There’s still a lot to learn about what causes Alzheimer’s disease, but there are some changes you can make to reduce your risk factors.

Hearing that you or a loved one may have Alzheimer’s disease can be confusing and alarming at first, especially since there are many misunderstandings about the condition, how its symptoms present, and what treatment options are available.

So, what is Alzheimer’s disease?

Alzheimer’s disease is a neurodegenerative disorder that causes a decline in cognitive functioning. The areas of the brain that control memory, reasoning, comprehension, and judgment begin to slow or become impaired over time as the disease progresses.

When someone experiences a notable level of cognitive decline, it’s classified as dementia. There are a few ways dementia can present, but Alzheimer’s disease is the most common type of dementia in people over the age of 65.

There is still much to learn about what causes Alzheimer’s disease and the most effective types of treatment. Alzheimer’s disease research is active and ongoing, with many researchers conducting studies and clinical trials exploring possible prevention and effective treatment options.

Billions of neurons in your brain all work together to transmit information. These neurons allow different parts of the brain to communicate with each other and with the rest of your body.

When someone has Alzheimer’s, these neurons become less responsive and lose their connections to each other.

There is some degree of neural loss as we age, but Alzheimer’s disease greatly speeds up the decline. This can result in a large-scale loss of neurons as the disease progresses, making it harder to regain the lost connections and neurons.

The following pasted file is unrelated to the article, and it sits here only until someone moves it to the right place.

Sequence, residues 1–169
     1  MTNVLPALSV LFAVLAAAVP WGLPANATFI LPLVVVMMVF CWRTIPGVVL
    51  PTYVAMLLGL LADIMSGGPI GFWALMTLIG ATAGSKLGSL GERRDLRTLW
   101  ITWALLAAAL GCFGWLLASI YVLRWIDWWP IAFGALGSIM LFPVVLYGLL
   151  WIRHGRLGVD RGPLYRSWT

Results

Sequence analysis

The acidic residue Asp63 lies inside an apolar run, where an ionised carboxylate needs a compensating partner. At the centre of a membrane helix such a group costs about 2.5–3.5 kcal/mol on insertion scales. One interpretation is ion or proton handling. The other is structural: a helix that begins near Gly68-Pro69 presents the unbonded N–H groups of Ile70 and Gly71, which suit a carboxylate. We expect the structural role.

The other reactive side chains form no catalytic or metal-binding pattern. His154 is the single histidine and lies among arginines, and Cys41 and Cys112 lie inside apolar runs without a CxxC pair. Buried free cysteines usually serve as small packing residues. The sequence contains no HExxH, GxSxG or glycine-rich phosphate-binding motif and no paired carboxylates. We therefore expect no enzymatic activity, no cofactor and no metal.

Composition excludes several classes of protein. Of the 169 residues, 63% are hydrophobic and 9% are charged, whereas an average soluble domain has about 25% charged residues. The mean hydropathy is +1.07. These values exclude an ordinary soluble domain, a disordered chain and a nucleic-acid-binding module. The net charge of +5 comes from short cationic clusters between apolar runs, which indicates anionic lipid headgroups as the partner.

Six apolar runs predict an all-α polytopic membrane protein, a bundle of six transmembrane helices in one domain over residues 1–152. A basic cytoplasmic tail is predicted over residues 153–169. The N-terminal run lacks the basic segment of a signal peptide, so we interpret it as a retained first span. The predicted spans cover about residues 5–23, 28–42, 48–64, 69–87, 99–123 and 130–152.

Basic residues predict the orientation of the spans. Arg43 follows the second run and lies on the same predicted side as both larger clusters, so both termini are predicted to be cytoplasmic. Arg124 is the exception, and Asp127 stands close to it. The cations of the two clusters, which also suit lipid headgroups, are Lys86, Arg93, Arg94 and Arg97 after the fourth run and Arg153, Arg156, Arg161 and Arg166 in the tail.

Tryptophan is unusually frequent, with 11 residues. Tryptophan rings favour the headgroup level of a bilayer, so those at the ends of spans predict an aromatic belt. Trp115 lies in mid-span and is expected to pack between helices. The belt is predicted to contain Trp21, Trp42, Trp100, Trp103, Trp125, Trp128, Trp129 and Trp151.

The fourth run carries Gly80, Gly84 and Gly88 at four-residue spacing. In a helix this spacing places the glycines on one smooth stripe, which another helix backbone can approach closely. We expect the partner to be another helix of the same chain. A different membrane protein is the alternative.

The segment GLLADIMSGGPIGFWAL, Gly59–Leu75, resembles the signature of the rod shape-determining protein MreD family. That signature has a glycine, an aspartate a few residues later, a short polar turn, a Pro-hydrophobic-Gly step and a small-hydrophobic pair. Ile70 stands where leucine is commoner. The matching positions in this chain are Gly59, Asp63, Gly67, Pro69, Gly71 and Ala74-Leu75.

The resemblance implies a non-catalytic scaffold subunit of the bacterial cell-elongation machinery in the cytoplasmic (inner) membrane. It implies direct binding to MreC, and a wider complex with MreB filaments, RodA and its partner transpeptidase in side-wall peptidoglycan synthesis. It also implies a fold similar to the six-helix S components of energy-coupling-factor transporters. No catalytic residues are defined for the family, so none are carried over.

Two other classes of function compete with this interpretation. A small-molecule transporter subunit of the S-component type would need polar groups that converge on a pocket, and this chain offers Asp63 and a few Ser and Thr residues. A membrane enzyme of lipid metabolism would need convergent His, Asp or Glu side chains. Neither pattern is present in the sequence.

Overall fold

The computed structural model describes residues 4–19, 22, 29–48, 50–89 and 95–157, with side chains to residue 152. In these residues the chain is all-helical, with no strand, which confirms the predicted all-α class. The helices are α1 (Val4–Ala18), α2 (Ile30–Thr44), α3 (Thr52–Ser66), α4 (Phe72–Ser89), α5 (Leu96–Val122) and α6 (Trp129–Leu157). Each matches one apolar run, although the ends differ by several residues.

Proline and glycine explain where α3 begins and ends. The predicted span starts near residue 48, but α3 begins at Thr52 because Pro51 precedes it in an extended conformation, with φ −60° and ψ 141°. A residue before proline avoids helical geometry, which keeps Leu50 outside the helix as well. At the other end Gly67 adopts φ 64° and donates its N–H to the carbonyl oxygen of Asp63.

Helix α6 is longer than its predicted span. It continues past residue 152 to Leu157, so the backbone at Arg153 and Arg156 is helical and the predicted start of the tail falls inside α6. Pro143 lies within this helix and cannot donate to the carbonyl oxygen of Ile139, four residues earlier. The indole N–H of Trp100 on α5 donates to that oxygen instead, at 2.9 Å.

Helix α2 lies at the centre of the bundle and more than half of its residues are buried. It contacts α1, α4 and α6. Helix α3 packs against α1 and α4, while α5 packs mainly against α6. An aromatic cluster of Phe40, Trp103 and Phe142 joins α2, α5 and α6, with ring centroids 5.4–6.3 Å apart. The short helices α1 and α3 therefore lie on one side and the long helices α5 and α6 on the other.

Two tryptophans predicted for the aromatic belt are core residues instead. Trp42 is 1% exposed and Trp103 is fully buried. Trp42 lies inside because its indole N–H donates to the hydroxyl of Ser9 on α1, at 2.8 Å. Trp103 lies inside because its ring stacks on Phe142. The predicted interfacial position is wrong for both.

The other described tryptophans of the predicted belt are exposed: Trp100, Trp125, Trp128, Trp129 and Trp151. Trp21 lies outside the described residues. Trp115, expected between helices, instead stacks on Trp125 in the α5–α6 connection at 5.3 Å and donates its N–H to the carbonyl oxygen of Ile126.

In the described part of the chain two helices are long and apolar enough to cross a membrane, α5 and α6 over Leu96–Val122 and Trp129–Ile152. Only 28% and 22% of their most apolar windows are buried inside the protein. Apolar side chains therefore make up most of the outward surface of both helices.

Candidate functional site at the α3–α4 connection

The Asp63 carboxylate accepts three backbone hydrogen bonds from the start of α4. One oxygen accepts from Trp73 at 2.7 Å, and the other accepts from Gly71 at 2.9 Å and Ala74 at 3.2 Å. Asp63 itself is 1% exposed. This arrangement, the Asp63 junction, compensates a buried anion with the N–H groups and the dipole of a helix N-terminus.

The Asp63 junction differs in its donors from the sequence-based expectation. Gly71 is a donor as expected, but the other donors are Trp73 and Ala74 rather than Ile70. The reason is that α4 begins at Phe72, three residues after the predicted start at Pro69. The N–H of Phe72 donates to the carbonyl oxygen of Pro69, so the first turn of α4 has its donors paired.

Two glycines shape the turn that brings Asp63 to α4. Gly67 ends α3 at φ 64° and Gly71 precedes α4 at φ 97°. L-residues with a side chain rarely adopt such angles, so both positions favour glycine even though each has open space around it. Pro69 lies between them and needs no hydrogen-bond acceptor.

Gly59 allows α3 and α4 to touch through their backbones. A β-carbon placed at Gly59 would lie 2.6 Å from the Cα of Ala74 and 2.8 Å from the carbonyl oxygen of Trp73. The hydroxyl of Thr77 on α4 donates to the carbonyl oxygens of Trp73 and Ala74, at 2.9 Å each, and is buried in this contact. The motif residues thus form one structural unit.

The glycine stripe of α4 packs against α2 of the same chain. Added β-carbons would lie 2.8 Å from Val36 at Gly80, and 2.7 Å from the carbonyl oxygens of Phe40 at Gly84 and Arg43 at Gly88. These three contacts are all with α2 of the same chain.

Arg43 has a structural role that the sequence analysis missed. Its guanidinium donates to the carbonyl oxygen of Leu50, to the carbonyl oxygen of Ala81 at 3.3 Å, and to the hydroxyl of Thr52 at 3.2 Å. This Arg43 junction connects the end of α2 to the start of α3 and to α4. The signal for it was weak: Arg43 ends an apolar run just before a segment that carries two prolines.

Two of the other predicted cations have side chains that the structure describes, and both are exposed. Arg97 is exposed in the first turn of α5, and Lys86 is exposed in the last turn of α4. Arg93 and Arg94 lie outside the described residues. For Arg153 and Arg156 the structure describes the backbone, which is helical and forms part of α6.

While it’s generally understood that the impairment and loss of neurons cause the symptoms of Alzheimer’s disease, researchers are still looking into what causes these changes and why some people develop Alzheimer’s and others do not.

Noticeable changes can be seen when comparing the brain of someone with Alzheimer’s and the brain of someone without the disease. Here are some of the distinct changes present in the brain of someone who has Alzheimer’s:

Amyloid plaques and neurofibrillary tangles

The impairment of neurons for someone with Alzheimer’s begins with a buildup of two major proteins inside and around the edges of the neurons.

One of these proteins is called amyloid, which leaves deposits on the neuron that causes plaque buildup. The other protein is called tau, which leaves deposits inside the neurons that cause tau to accumulate and create tangles. These tangles and buildup interfere with how the neurons send signals.

Chronic inflammation

Glial cells in the brain clear out debris and waste. This includes the type of plaque buildup that develops from amyloid proteins. But in the case of someone with Alzheimer’s, the glial cells simply don’t remove the waste, which causes plaque buildup to worsen.

Glial cells, specifically microglia and astrocytes, collect around the plaque buildup. But instead of removing the buildup, the cells release chemicals that can lead to chronic inflammation in the brain.

Vascular problems

Several vascular issues that affect the blood vessels are also common in the brain and body of a person with Alzheimer’s. Over time, these issues can reduce blood flow and oxygen to the brain and gradually break down the blood-brain barrier.

This barrier keeps out harmful chemicals. But it allows important things like glucose inside while letting proteins like amyloid and tau out. This breakdown of the blood-brain barrier harms its functioning and causes glucose to stay out while keeping tau and amyloid inside.

Other risk factors that are common among those who live with Alzheimer’s, including:

  • increasing in age close to 65
  • a traumatic brain injury
  • cardiovascular disease, which is a disease of the heart and blood vessels
  • cerebrovascular disease, which is a disease of the brain and blood vessels
  • depression
  • having been born to older parents
  • family history of dementia
  • smoking
  • high homocysteine levels